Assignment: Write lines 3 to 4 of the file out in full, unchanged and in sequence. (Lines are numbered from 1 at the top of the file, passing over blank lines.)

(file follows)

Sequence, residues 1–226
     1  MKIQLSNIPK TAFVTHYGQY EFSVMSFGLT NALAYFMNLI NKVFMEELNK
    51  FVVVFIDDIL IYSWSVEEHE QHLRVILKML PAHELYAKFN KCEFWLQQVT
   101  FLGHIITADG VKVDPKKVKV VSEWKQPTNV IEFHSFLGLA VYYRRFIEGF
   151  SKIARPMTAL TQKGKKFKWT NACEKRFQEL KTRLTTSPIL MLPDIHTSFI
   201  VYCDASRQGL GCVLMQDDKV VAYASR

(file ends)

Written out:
    51  FVVVFIDDIL IYSWSVEEHE QHLRVILKML PAHELYAKFN KCEFWLQQVT
   101  FLGHIITADG VKVDPKKVKV VSEWKQPTNV IEFHSFLGLA VYYRRFIEGF